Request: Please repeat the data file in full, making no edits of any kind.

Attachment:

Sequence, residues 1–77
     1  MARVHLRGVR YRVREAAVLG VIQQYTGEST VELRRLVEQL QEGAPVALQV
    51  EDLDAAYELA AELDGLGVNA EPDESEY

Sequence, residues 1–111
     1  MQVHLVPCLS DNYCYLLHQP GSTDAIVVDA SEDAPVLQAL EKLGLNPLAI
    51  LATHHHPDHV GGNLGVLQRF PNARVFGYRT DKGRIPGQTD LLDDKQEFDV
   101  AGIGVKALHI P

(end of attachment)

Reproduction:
Sequence, residues 1–77
     1  MARVHLRGVR YRVREAAVLG VIQQYTGEST VELRRLVEQL QEGAPVALQV
    51  EDLDAAYELA AELDGLGVNA EPDESEY

Sequence, residues 1–111
     1  MQVHLVPCLS DNYCYLLHQP GSTDAIVVDA SEDAPVLQAL EKLGLNPLAI
    51  LATHHHPDHV GGNLGVLQRF PNARVFGYRT DKGRIPGQTD LLDDKQEFDV
   101  AGIGVKALHI P